But imagine, Chris, if you and I had never had that conversation 8 months ago where we both learned the other wanted to write a novel...we may never have started our weekly reading/writing club thingy...we may never have finished.

We couldn't have written two more different types of stories, and I think there's talent and market enough for both of us to hope for the best. But as you said, the journey is in the writing. I've had a little bit of sadness, even, now that the book is done. I've really enjoyed the ride of living with these characters and their struggles.

And we may never get any more success or readership than we have now. But I'll still count it a great thing to have done, as I assume you would as well. Think about it...we can both say at this point that...we are novelists.

Your book is hilarious. Hope the agents and publishers see that. Best of luck, man, and leave some of the good vibes out there for me to latch onto.

 
At 7/11/2005 05:29:00 PM, Blogger Chris said...

I think, clearly, in my case, my novel would not have been finished. I'm not one of those who can just write something, spend months on it, and then (and only then) show it to someone. I need encouragement even though I may find my own writings amusing.

And this shopping-around thing is not fun, and as I mentioned to you previously, it probably won't be long before I start on the sequel or start pulling out another one from the archives to finish. I've got a couple of other genres in the arsenal, if need be.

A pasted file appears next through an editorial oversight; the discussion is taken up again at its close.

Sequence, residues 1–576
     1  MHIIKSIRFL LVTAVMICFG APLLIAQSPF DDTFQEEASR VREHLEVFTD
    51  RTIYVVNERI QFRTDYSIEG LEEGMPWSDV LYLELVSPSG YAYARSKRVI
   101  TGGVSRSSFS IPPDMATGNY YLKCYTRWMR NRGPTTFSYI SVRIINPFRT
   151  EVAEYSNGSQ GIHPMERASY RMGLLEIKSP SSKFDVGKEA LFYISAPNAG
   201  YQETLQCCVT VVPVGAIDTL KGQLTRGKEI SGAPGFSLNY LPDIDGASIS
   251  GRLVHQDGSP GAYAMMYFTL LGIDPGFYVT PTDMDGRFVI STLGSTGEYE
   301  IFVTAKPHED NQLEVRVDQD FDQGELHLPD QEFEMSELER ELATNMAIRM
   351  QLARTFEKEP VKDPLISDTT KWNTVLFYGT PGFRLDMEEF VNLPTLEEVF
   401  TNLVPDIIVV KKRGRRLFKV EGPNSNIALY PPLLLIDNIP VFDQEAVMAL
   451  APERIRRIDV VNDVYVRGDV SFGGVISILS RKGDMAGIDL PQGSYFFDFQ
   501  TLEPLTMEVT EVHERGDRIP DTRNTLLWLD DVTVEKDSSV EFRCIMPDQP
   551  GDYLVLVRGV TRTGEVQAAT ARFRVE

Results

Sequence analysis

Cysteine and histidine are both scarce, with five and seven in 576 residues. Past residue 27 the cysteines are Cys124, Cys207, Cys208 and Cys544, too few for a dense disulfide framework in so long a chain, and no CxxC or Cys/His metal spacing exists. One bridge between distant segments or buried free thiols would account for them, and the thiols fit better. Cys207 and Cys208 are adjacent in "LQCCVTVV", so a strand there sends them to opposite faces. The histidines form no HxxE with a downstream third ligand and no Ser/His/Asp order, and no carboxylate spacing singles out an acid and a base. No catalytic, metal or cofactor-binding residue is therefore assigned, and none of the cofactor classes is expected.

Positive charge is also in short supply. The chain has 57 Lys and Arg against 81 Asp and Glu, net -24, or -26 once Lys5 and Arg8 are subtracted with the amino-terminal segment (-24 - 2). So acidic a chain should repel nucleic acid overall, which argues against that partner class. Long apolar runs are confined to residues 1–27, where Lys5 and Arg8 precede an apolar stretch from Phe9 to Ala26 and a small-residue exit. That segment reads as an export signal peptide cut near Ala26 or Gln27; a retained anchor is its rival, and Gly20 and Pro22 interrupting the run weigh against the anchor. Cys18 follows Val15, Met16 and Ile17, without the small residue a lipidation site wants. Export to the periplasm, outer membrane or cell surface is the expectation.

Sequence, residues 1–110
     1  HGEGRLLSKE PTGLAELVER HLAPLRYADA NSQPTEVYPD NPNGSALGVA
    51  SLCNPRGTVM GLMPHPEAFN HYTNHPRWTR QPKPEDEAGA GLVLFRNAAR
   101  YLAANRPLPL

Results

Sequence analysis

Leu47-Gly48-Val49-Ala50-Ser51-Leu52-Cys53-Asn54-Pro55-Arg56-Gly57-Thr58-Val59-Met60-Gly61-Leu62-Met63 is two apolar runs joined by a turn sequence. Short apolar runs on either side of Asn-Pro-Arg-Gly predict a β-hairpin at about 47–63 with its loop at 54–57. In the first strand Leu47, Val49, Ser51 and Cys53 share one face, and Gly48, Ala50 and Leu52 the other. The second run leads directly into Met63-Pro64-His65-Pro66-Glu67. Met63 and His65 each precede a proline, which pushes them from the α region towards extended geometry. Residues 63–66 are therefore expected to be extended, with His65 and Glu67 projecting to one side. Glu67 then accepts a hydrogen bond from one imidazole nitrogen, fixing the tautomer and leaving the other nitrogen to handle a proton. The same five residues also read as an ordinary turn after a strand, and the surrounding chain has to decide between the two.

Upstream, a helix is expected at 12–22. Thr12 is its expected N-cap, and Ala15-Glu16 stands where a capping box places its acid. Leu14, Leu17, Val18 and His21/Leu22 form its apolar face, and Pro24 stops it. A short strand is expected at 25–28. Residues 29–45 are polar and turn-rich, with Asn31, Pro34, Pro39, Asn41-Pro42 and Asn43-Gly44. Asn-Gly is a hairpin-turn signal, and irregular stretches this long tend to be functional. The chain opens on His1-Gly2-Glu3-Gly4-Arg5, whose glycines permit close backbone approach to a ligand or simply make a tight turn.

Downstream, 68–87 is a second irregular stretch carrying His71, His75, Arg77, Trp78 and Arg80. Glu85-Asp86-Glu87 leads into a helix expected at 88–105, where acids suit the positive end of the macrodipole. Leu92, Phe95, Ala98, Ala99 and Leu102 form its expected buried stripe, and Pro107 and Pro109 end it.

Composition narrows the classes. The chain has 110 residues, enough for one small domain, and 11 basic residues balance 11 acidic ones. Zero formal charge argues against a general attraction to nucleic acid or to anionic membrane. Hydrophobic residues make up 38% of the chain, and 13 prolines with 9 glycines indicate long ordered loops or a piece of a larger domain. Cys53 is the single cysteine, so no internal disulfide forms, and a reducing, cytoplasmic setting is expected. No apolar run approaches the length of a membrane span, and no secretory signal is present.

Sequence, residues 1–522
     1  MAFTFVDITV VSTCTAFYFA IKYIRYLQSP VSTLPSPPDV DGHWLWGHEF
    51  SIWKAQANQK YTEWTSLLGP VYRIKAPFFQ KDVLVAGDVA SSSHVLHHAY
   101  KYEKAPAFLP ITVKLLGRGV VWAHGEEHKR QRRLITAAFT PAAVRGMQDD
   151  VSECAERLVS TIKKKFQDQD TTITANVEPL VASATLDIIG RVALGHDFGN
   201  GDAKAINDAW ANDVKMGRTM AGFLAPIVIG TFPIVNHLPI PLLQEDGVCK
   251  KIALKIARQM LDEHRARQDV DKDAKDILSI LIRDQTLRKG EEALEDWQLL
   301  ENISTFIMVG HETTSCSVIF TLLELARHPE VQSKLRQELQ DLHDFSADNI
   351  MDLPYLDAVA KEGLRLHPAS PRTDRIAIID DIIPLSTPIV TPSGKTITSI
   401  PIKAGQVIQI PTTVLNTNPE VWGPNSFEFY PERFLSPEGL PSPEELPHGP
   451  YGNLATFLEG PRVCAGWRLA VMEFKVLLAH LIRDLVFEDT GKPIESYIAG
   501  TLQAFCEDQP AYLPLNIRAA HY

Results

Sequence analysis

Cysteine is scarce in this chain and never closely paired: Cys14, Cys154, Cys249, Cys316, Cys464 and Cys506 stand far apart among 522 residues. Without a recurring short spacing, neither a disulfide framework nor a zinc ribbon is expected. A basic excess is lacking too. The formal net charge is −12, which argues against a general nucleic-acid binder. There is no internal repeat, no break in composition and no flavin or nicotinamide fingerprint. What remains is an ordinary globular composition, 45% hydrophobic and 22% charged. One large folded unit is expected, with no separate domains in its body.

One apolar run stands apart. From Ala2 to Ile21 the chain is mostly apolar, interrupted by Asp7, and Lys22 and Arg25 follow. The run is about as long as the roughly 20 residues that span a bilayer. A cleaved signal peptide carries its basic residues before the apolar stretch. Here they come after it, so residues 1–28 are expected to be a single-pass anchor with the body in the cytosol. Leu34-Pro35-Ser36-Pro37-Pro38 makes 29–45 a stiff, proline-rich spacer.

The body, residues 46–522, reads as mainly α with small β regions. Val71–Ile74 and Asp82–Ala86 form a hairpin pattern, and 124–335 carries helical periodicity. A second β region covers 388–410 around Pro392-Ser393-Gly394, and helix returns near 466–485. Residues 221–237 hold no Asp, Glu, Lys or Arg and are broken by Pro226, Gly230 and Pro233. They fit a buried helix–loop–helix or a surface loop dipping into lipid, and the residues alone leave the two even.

So yes, clink! and we must find the road to good fortune. I'm planning a LORD OF THE RINGS-style quest to achieve that.

 
At 7/12/2005 12:05:00 AM, Blogger Mike said...

Wow... I wasn't expecting that! Good luck!

 
At 7/12/2005 07:50:00 AM, Blogger MaraJade said...

::clink:: (And I don't even do that normally)
That is so awesome! Sending some good thoughts your way.

Publishing, agents. . .scary stuff. I finished my novel over a year ago and though four friends have read it and loved it I usually just tell myself, "They're friends. They have to love it."

How great that the two of you could encourage one another. None of my remaining friends (after the whole religion thing) are writers. That's neat for you guys.

So I really wish you the best of luck, from one "writer" to a (hopefully soon to be) real one. :)

 
At 7/12/2005 08:10:00 AM, Blogger Chris said...

So...tell me about your experiences with trying to get your book published. Were there any comments from prospective agents/publishers? Do you still hope to get it published?

 
At 7/12/2005 08:29:00 AM, Blogger Kevin Rector said...

Chris,

You need to send me your book. KW has been raving about it over lunch every week for the last 8 months and I'm to the point now where I just have to read it.

If you don't e-mail it to me, I might just punch you in the nose the next time I see you (which might be like a year from now since we never see each other really).